Firstly, it is important to understand the economic panic of 1837 in order to then understand how it influenced Emerson. Basically, U.S industries depended on British funding in order to finance cotton, the leading export of that time. The crisis emerged when the British investments produced a “land boom” (Roberts 363) in the West. When British investors retracted their funding, economic activity collapsed and American banks failed in maintaining the economy going. The...
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..., my findings lead it to concern anyone who wants to read “Self Reliance” with a new perspective.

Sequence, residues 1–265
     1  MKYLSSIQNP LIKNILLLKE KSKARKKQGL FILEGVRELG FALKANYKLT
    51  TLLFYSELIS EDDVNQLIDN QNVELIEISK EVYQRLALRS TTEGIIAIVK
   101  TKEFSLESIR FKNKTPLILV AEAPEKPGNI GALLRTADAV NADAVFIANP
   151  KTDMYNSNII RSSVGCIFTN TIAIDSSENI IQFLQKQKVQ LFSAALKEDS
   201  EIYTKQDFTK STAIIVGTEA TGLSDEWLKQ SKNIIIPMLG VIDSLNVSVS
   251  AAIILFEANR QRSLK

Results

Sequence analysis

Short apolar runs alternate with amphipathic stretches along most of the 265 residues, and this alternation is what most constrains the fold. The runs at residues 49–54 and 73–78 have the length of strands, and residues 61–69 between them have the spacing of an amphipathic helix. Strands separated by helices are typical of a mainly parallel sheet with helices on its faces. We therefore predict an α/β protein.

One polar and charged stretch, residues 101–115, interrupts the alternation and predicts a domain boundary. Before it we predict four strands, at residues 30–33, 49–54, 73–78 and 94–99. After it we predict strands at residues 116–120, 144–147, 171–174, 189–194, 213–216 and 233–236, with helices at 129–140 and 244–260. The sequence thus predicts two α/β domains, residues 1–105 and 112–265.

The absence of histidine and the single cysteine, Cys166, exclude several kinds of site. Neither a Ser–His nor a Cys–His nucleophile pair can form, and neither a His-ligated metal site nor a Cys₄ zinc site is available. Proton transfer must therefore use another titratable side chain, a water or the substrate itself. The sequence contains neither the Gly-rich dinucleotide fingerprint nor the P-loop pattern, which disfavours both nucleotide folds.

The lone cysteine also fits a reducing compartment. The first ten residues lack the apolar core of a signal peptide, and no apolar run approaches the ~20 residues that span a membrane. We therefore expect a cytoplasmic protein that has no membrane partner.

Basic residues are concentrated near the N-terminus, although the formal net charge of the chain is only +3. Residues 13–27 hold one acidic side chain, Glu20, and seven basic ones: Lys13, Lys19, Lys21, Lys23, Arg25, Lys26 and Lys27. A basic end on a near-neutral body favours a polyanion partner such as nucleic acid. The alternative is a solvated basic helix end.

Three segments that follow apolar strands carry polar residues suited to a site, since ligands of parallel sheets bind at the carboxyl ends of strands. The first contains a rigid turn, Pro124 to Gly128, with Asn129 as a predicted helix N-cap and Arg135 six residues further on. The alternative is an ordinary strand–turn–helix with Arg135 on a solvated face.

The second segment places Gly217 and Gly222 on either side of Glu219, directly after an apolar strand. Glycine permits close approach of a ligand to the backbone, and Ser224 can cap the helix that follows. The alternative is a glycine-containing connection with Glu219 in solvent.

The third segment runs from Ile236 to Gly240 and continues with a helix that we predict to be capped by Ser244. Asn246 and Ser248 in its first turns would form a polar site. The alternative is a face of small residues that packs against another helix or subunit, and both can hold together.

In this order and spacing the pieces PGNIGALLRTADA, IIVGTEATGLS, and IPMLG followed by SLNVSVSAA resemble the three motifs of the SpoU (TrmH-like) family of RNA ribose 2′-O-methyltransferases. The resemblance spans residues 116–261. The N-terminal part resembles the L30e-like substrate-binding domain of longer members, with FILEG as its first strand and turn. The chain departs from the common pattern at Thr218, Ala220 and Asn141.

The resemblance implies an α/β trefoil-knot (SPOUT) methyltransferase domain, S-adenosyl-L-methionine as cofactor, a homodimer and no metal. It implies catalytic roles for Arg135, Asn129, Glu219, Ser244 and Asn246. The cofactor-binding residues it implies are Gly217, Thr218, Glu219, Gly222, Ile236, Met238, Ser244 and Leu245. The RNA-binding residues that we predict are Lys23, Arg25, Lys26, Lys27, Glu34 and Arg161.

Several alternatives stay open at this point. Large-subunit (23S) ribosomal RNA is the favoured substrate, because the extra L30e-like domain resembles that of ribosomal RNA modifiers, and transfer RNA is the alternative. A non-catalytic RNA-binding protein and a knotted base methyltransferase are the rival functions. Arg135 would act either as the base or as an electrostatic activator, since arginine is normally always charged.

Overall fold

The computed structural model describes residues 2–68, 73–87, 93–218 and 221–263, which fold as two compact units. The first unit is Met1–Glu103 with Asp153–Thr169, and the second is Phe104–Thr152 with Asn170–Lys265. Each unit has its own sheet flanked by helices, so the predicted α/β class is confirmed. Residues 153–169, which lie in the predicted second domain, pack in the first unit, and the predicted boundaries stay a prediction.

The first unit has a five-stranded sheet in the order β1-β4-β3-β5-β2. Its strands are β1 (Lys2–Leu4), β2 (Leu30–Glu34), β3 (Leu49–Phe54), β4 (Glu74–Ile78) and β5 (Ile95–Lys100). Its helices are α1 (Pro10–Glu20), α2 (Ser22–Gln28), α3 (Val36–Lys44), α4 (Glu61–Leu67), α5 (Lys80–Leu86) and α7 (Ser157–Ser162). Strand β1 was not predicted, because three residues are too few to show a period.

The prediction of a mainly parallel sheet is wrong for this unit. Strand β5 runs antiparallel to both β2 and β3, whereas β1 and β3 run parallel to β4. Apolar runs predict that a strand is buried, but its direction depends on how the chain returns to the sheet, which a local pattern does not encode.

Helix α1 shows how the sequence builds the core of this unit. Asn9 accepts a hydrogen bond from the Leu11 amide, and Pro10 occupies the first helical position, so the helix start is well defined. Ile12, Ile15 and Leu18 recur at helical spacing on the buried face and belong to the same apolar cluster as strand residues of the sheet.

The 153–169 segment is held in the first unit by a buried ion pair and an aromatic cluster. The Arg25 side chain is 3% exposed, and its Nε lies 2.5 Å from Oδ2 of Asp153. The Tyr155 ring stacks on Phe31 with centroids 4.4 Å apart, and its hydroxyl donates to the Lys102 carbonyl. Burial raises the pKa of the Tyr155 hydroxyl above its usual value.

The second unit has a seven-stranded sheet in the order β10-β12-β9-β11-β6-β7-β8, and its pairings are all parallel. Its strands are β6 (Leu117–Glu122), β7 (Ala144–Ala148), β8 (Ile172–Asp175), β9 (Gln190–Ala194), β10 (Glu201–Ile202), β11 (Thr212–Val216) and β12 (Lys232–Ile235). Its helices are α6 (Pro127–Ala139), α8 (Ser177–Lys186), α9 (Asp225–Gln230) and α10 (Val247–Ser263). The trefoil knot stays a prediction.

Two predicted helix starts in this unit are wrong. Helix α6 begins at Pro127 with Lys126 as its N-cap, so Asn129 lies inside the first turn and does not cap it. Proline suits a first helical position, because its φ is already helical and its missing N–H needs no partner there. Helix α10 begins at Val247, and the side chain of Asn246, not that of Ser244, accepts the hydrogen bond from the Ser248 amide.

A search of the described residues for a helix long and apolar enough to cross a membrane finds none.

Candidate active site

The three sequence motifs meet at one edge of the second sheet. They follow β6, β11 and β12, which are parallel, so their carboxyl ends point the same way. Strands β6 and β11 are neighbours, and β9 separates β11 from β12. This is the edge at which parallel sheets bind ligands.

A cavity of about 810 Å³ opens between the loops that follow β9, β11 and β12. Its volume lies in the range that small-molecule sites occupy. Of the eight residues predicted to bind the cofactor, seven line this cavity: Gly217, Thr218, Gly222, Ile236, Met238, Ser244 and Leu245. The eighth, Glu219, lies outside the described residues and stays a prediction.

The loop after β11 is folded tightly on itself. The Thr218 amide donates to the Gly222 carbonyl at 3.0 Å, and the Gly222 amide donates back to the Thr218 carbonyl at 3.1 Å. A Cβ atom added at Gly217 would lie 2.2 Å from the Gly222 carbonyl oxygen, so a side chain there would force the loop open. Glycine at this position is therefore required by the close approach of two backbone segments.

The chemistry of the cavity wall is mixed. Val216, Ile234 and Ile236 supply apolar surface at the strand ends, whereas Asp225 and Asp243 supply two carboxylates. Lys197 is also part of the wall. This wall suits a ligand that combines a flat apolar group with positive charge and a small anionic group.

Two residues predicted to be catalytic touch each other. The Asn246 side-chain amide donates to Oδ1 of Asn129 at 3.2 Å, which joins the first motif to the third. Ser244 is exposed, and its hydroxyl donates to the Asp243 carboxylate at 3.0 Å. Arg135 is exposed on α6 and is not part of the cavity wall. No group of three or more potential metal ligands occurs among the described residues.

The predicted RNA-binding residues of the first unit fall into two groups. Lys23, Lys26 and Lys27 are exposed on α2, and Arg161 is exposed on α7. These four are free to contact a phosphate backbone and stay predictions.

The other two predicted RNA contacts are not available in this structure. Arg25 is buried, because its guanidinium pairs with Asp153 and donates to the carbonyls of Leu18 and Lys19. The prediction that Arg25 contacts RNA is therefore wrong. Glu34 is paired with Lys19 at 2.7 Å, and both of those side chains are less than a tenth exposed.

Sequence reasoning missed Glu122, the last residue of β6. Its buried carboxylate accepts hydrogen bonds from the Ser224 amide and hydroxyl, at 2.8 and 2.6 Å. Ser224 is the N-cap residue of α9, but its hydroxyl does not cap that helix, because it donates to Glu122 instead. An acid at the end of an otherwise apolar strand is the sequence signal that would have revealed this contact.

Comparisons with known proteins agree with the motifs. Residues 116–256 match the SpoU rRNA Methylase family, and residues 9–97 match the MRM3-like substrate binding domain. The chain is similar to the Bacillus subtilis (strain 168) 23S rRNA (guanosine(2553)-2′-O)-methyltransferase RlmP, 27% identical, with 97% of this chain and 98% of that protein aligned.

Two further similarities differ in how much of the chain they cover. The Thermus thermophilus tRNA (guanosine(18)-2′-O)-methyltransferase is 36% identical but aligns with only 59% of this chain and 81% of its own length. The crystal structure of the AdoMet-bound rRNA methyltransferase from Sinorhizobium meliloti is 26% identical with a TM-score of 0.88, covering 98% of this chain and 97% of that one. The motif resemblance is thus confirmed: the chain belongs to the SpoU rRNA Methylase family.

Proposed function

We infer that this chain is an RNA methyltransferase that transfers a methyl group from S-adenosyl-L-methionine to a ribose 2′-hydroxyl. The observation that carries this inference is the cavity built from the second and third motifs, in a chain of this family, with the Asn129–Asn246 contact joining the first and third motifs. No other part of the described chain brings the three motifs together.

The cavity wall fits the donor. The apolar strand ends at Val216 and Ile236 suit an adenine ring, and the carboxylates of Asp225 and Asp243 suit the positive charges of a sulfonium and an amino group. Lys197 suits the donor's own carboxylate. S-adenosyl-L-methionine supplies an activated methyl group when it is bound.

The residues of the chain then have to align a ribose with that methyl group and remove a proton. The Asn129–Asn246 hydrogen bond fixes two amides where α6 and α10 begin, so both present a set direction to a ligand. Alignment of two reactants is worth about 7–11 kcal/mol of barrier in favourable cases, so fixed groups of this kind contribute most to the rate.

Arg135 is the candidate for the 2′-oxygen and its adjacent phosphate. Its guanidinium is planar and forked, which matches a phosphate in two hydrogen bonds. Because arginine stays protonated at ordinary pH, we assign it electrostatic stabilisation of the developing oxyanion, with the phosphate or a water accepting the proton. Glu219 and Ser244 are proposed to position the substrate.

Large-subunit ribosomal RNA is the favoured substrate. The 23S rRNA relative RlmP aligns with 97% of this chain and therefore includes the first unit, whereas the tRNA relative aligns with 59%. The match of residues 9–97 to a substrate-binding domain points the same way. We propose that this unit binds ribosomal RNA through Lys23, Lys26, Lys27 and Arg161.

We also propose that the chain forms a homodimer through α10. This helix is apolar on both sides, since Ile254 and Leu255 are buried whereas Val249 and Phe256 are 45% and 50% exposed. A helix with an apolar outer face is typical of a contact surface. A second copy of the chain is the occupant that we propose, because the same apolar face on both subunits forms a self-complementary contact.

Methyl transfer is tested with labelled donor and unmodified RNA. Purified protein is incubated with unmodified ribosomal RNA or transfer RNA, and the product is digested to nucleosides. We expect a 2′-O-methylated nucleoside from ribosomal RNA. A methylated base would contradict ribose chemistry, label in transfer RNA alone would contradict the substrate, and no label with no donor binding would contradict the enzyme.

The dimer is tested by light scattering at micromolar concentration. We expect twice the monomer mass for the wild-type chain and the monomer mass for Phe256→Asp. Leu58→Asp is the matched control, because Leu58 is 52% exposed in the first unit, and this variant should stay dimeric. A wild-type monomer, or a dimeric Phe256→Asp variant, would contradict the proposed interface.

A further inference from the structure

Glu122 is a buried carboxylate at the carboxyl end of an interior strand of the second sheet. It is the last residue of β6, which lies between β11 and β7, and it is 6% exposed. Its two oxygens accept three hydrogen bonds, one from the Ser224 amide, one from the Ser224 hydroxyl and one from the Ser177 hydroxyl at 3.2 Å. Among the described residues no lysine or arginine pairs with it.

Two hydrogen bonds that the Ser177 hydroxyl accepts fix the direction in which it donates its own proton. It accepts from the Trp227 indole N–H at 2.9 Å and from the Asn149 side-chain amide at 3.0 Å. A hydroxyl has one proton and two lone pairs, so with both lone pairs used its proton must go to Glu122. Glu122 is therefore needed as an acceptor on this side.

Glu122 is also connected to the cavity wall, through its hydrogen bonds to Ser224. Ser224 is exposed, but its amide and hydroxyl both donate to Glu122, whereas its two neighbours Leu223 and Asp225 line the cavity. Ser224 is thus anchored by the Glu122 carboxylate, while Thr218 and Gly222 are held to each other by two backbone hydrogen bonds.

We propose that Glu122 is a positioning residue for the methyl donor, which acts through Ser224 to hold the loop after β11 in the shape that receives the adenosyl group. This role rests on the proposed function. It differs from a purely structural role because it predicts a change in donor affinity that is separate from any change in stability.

Kern, Alexander. “Emerson and Economics” New England Quarterly. 1 Jan. 1940. Proquest. Web. 25 Apr. 2014
Major, William and Bryan Sinche. “Giving Emerson the Boot.” The Chronicle of Higher Education. 17 Jan 2010. Proquest. Web. 27 Apr. 2014
Porte, Joel and Saundra Morris. The Cambridge Companion to Ralph Waldo Emerson. Cambridge University Press. 24-27. Google Scholar. Web. 26 Apr. 2014
Roberts, Alasdair. “America’s First Great Depression: Economic Crisis and Political Disorder after the Panic of 1837.” Political Science Quarterly. 1 June 2013. 363-364. Proquest. Web. 25 Apr. 2014
Schweikart, Larry. “Brothers in Chains: Ralph Waldo Emerson and George Fitzhugh’s Thoughts on Economic and Political Liberty.” N.d. Proquest. Proquest. Web. 27 Apr. 2014
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